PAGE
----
So we have here a view of musical composition that begins with an intuitive gestalt (commanding form or protonarrative envelope) formed or abstracted from one life’s experiential passage and then completed with elements (vitality affects or symbolically rendered elements of sound representing those affects) also therefrom.  Listening and appreciation of this artistry would involve recovering some of the form and elements, though not through some inverse process because lives are disparate and complex. Both the composition and recovery is the beauty of symbolic processing whereby minds share information about their experiences.

And the importance of infant development here? Stay tuned for the next exciting episode, “Theta moments, the completion of compositions, and cortical fasciculi” coming soon to this blog.  You can’t get there if you don’t travel on.

Rereading 4.3: Leaving Langer for Woolf to wonder about

The biological basis of genius.

I believe Thomas Edison famously said, “Genius is 1% inspiration and 99% perspiration.” While some of us may think that the truth value of this soundbite is limited, its memic power lasts because bringing an idea to fruition does require due diligence. In her discussion of art Langer presents the idea of the ‘commanding form’, the gestalt that comes into the artist’s mind that can then be expressed fully according to the artist’s talents. Picasso worked rapidly to paint out his ideas as he carried forth traditions, initiated new forms and then tried out different expressions of those new forms. From this we could think that genius requires both the visionary seeds and talented expression, including the assiduous effort to stay true to some intuitive commanding form, and I think we would be right. Actually this also applies to scientific endeavors; consider Einstein’s daydreams, Archimedes ‘eureka,’ Pythagoras vision of geometric relations and the musical scales, or Newton’s apple (oh sure, just another memic fantasy that one).

I recently re-read Virginia Woolf’s remarkable novel about artistic being, the complexity of human thought and relationships, and the passage of time, To the Lighthouse. Consider this passage thought out by Lily Briscoe, by all accounts, even her own, an amateur albeit thoughtful artist of small gifts.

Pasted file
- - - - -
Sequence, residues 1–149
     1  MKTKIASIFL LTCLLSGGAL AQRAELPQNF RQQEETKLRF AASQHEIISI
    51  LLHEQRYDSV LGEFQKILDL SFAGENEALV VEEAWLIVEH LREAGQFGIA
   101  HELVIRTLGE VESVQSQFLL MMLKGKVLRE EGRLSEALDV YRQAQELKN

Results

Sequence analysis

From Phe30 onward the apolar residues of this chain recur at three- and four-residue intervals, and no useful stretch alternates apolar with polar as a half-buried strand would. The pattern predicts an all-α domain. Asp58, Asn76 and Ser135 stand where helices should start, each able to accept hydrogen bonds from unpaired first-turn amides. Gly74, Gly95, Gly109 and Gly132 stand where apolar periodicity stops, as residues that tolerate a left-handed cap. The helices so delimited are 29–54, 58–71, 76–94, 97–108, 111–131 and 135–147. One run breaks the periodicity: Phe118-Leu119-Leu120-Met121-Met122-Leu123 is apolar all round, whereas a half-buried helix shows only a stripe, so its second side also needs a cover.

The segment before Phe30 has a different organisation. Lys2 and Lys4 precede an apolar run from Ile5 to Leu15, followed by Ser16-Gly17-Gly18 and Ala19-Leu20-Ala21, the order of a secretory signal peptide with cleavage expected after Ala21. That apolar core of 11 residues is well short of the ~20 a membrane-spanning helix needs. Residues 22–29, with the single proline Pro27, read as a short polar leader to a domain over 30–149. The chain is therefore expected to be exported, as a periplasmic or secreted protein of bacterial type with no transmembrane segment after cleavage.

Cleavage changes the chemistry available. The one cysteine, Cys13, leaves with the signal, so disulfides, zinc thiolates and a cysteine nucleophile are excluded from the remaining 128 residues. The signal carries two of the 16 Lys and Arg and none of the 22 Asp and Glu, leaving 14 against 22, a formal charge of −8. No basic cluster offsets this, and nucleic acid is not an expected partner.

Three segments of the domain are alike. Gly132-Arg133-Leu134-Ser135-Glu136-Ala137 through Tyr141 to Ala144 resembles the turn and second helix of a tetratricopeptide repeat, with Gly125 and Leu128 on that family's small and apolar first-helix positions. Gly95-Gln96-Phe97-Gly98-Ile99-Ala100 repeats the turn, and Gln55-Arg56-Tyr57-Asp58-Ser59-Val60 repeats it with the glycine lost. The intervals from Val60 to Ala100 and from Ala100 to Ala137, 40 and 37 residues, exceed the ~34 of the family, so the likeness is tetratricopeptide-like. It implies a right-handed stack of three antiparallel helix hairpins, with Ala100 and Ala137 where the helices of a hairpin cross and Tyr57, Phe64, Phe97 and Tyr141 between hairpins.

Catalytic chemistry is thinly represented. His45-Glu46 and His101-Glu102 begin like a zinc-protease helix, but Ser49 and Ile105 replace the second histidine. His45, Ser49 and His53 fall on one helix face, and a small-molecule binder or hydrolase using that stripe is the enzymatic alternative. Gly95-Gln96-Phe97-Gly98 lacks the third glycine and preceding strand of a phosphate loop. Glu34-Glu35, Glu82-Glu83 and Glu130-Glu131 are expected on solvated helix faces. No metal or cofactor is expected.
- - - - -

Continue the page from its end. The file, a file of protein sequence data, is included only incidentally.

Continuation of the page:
“Where to begin?—that was the question at what point to make the first mark? One line placed on the canvas committed her to innumerable risks, to frequent and irrevocable decisions. All that in idea that seemed simple became in practice immediately complex; as the waves shape themselves symmetrically from the cliff top, but to the swimmer among them are divided by steep gulfs, and foaming crests. Still the risk must be run; the mark made.”

Much in this novel, as in most of Woolf’s mature writings, presents us with her understanding of the compositional process ongoing in the human mind and personality and how art is a parallel process with special purpose. Risk? Of course courage in pursuit of the full expression of the commanding form, be it artistic, scientific, or invention, is required if only for power it brings to one’s focused effort. And genius also seems to include the ability to live mentally in some self created virtual domain; indeed, I suspect much of the gratification and survival value of artistic effort is in just this moment of abstraction from life experience. One more passage from Woolf:

Before she exchanged the fluidity of life for the concentration of painting she had a few moments of nakedness, when she seemed like an unborn soul, a soul reft of body, hesitating on some windy pinnacle and exposed without protection to all the blasts of doubt.

So it would seem that artistic genius at its base helps each one of us to experience such a moment when our unborn soul stands in solitude before becoming embodied and life’s reality resumes its prominent passage even as we are changed by the artistic experience. Ah, but travel on.


Virginia Woolf


Next up: Naomi Oreskes on seeing the difference between a charlatan and a visionary.